How Did You Achieve Your GRE Score?

Orientation has been quite disorienting (har har), and I’ve only been here two days!  Anyway, one thing that I think may be of interest to you is a question that was posed during a multicultural understanding workshop.  What contributed to your GRE score?

When I first saw the question, I first thought, “Hah, nothing!  God?”  Because my whole GRE experience was pretty ridiculous and intense.  Long story short, I was teaching abroad and had to take a whirlwind weekend trip to Bangkok during the weekend the Red Shirts were about to revolt.  I was in the middle of teaching and had no time to study.  When I got my score, I was positively thrilled and amazed because all 3 of my practice exam scores couldn’t even break 1300.  I thought that nothing had contributed to my GRE score except maybe for the fact that perhaps I think like a middle-class, white male (is that stat still valid?). Yet as I began listening to the discussion around me, I realized a lot contributed to my GRE score.

First of all, I came from a stable family background.  My parents were 1.5 generation American and they had a strong “Asian” work ethic.  Although they never forced me to get involved in stereotypically asian activities, they did expect me to work hard.  They also helped me with math, since math is something that’s easier to teach.

Also, I grew up reading a lot.  My mom spent a lot of time with me (and my siblings) as a child, working on our phonics and reading skills.  We used phonics song tapes and Bob books (which apparently still exist!).   My dad would also buy me literary classics even when I was a child.  I would always try reading it, and I finally finished my first classic, Jane Eyre, in sixth grade, and loved it.  Also, despite the fact that I didn’t know how to speak English before elementary school, because I grew up in a predominantly caucasian community, the language became of second nature to me.

Finally, after a classmate shared how she came from a very poor school and how it was one science teacher who noticed that she actually belonged in a higher class (she was put into the lower-level classes with other students of latino descent), and did all the paperwork to get her in (without that one event where would she be?), I realized that the fact that I ended up going to high school in Palo Alto also contributed to my GRE score.  I was surrounded by people using elevated language and on track for a 4-year (most likely prestigious) college.  Even though I had no clue about the application process, I was naturally planning to go to college.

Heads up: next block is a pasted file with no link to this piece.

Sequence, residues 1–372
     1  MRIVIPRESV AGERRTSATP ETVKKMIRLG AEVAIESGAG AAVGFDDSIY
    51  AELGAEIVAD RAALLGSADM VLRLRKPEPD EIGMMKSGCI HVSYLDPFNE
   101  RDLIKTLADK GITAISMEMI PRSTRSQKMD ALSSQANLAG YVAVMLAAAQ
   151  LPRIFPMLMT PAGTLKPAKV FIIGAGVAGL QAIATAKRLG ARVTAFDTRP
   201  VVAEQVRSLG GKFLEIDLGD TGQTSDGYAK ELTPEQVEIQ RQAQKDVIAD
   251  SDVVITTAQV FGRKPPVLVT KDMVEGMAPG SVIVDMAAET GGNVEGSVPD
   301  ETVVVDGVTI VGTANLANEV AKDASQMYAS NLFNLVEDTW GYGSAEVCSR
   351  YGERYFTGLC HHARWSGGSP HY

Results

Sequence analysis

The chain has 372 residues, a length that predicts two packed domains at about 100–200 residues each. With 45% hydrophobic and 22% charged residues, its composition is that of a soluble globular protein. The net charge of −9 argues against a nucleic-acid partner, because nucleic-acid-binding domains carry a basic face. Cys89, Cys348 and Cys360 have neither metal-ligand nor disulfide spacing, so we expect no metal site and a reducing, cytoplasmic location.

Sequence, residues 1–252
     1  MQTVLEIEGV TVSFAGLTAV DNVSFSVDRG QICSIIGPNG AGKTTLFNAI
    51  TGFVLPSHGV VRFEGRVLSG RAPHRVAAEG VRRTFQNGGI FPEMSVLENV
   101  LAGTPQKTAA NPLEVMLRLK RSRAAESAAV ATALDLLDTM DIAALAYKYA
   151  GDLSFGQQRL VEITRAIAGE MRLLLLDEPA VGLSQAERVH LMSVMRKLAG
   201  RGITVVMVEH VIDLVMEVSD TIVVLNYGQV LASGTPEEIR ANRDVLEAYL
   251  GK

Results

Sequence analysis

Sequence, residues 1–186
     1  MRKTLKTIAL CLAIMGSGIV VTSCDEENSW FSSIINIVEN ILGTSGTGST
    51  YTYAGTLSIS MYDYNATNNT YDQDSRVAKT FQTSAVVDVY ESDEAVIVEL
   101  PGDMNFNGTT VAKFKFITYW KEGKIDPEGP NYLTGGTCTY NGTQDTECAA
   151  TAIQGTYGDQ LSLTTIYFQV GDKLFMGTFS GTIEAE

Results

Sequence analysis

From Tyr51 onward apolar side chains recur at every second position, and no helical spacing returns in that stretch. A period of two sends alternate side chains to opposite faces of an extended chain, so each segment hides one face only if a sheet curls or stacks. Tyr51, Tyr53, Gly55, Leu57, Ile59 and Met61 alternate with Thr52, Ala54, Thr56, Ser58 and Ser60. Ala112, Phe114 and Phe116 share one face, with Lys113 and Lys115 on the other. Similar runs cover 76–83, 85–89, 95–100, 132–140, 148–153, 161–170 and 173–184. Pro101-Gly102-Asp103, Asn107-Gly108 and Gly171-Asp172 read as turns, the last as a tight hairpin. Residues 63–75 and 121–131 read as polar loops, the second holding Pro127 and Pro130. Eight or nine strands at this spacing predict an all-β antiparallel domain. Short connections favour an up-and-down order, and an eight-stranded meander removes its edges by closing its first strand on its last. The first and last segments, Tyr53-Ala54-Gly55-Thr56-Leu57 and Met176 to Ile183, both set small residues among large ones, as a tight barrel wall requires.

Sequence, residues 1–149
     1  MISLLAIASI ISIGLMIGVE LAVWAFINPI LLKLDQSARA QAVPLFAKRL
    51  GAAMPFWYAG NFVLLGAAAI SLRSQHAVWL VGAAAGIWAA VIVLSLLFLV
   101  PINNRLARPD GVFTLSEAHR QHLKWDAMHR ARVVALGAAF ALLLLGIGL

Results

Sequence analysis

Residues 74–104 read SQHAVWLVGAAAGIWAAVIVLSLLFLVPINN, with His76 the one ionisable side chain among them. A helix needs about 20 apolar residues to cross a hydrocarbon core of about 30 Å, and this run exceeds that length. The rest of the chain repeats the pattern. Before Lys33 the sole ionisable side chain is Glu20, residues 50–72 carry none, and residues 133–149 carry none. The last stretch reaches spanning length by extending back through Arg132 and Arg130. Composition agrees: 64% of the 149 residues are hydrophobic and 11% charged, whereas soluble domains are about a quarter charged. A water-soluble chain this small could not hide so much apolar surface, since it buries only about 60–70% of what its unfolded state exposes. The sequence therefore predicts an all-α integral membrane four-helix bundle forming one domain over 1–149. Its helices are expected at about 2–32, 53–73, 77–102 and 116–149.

I then was fed into a good public university, Berkeley, which further honed my vocabulary, reading, and writing skills.  Granted, I had my personal drive and ability, but that alone is not what got me here.  I mean, my GRE score wasn’t great, but neither was it bad.  And after thinking this through, I see how it wasn’t just Kaplan and Anki that helped me; it was an amalgam of circumstances and opportunities.

I’m thankful to the Lord for His placing me in such situations, but am also realizing that I need to be a faithful steward of such things.  Another realization is that I need to be humble about myself and patient towards seemingly behind children.  There is so much more going on than just schooling and effort.



3 responses to “How Did You Achieve Your GRE Score?

  1. Hmm, so it all started with having good parents. Maybe the education system shouldn’t just focus on underperforming kids, but also on the parents (if they are around) of underperforming kids.

    • Yes! I’m planning to take a winter term class on Adult Literacy actually. Right now the US’s priority is on children, but it gets really sticky when schools have expectations for families but in certain cases, the child reads better than the adult. It’s complicated. (But currently, the theory is really interesting).

  2. Hahaha… my first response to your article title was: flashcards and practice tests? But definitely agree with you. We were talking in the lunchroom this week about how the statistic that kids who are read to more outperform those whose parents don’t read to them isn’t actually based on the act of being read to, but the fact that parents who read to their kids will have a lot of books (more books in one’s home actually translated to higher test scores) and will be the type of parents who value education and pass that on to their kids (our BD guy and I both read Freakonomics). A student’s home environment is so tricky when it comes to how it influences their academic performance =/ but I like your point that it just means you need to be extra understanding. 🙂

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